Friday, December 16, 2011

Oak and Moon

waning gibbous moon through autumn oak leaves
The cool autumn days were a much needed relief and my compass is finally finding north again, I think.  I must have been in the honeymoon phase of death during the first few months after Julien was born.  When that wore off in late September, things got dark.  Really dark.  

But autumn has a way of un-sticking our stuck places.  Sitting under this big oak tree season after season, watching her leaves change colors and her form change shape has certainly taught me that nothing lasts forever.

I've been practicing letting go -- again and again and again -- and I'm back to working with the moon cycles.  This is my second waning moon and, as I sit here right now, I cannot find the right words to describe the peace that has washed through me since giving my grief to autumn and to the waning moon.  I've been working with a meditation I wrote for A. --- visualizing each emotion, each thought, blowing away with the falling leaves.  My great oak tree is resting now, her leaves - whose birth we witnessed in spring - now cover the sweet, earthy ground below.  Her barren branches reach into the pale sunlight like arms stretching during the deep yawn that comes before sleep.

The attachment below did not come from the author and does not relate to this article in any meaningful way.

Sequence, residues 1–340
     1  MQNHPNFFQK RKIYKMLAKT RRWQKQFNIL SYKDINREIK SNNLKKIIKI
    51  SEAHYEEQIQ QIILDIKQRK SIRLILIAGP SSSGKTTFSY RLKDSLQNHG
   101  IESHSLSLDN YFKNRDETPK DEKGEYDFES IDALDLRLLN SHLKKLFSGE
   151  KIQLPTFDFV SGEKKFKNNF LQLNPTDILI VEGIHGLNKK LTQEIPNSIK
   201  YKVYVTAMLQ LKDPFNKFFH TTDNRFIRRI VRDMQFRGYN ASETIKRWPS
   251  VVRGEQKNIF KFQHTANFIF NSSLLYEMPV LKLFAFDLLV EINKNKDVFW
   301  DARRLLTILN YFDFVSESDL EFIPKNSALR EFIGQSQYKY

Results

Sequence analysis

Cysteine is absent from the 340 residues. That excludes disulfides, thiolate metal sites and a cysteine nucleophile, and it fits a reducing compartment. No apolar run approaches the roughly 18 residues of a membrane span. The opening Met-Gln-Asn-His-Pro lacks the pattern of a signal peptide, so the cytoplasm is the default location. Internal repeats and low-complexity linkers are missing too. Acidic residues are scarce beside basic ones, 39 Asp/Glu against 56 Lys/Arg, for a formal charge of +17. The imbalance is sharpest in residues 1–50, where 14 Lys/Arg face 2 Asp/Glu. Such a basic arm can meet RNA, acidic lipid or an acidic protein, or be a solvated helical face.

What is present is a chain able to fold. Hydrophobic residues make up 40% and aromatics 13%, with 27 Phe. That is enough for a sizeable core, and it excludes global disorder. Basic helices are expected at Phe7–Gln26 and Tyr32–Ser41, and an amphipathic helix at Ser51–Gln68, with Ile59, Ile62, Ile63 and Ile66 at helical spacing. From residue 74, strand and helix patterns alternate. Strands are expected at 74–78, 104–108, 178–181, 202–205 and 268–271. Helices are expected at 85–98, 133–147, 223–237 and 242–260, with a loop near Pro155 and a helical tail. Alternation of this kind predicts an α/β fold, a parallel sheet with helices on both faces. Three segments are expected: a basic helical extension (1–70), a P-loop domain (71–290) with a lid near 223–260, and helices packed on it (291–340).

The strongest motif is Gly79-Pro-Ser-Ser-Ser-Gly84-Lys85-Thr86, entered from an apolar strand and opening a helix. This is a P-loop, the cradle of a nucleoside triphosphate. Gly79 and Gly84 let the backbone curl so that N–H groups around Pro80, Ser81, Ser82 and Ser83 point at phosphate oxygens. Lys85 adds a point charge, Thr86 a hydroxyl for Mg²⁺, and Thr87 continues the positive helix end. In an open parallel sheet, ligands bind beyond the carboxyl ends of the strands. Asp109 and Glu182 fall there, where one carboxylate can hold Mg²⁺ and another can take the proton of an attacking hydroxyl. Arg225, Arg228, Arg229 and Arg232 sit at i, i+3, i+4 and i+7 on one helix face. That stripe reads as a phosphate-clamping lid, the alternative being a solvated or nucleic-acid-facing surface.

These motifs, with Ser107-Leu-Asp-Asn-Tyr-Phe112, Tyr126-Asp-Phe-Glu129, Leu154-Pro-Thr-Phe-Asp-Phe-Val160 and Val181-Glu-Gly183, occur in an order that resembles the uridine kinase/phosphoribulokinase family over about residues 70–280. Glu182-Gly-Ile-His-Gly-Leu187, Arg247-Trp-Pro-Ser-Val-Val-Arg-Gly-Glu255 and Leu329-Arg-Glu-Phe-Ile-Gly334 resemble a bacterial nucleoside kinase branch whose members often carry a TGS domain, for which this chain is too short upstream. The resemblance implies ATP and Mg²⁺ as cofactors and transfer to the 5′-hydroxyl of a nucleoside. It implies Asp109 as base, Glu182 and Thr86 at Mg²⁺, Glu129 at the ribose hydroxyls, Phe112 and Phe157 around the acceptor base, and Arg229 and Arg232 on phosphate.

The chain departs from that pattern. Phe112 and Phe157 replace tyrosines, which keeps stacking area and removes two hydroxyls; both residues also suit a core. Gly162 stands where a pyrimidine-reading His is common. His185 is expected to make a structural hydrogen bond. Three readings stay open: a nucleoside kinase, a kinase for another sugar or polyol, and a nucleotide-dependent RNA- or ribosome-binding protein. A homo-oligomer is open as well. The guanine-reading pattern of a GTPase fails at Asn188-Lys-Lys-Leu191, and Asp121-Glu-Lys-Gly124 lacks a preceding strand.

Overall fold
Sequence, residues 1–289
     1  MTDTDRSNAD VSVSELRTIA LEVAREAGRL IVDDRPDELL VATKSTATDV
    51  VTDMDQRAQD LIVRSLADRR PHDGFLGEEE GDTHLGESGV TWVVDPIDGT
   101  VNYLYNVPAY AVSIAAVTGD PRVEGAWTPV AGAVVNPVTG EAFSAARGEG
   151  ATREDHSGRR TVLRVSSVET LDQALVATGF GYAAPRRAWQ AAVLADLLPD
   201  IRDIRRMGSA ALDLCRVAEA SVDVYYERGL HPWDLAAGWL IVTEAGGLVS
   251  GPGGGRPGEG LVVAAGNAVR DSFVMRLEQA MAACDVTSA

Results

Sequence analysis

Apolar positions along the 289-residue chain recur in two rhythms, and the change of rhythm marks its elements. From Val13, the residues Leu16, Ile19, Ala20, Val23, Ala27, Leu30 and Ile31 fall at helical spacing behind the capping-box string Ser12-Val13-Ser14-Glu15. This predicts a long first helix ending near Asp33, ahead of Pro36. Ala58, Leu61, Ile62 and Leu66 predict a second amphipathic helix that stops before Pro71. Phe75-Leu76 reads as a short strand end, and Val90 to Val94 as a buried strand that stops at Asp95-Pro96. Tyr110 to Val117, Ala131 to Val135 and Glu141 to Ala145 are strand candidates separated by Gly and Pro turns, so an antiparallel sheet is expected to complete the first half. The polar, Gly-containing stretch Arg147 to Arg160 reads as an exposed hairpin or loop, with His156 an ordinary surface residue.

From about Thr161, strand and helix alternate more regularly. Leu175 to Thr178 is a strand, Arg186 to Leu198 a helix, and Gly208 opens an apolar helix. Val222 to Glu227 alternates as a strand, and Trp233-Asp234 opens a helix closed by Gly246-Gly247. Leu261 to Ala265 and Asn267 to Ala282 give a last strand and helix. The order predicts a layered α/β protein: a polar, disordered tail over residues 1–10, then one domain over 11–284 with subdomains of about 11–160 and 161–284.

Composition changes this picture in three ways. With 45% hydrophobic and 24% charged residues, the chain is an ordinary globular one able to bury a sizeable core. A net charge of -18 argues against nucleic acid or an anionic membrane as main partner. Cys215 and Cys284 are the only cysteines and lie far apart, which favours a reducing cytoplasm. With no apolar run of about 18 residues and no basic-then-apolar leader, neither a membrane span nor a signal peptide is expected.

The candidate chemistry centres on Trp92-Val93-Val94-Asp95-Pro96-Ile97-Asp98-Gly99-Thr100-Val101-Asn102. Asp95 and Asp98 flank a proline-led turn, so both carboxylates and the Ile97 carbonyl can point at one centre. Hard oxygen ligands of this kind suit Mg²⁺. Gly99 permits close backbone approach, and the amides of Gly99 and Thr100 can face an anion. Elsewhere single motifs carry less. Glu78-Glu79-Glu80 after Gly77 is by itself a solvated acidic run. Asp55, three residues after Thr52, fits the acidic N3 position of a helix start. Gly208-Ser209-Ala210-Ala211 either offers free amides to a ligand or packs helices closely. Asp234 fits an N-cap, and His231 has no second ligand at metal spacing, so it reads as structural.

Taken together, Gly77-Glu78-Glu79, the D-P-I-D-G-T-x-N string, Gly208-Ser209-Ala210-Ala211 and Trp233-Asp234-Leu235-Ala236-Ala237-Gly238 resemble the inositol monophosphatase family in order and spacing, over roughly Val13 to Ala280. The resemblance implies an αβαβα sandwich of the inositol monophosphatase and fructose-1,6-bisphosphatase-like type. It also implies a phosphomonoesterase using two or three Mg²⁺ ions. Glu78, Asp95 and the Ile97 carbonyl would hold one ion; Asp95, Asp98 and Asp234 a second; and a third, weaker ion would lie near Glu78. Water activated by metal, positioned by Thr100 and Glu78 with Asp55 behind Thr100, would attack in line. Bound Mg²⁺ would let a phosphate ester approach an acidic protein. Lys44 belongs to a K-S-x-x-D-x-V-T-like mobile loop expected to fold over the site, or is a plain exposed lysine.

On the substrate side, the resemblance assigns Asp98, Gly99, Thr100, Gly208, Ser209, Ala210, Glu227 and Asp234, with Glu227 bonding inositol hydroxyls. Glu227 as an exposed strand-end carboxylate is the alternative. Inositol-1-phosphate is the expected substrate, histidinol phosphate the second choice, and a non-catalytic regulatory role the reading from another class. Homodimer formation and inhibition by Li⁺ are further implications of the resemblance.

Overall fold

I'm ready for the long rest of winter too.  I'm ready to nourish my body with roots and soups and home-baked bread and to welcome the stillness that only comes when we enter the dark half of the year. 

After breaking my cup in September, I've been filling it up again with some beautiful literature.  I've been sitting outside under my old, oak tree re-reading Thoreau's Walden, enjoying Noam Chomsky's Profit Over People: Neoliberalism & Global Order, falling in love with Jack Petrash's  Understanding Waldorf Education: Teaching from the Inside Out, and I'm just diving into Rhythms of Learning : What Waldorf Education Offers Children, Parents, and Teachers  -- a wonderful collection of essays by Rudolf Steiner edited by Robert Trostli.

Through the turning of the seasons and the pages of these books, I seem to be remembering that what matters most about education - and life - is not the pedagogy to which we subscribe, but the reverence we are able to nurture in our children.  I feel that this must be the thing most central to education.  By honoring one another, the earth, and the very sacredness of our own lives, we create a soft place to fall when things fall apart.  I think that when we listen very closely, we can hear the moon and the old oak trees whispering this wisdom. 
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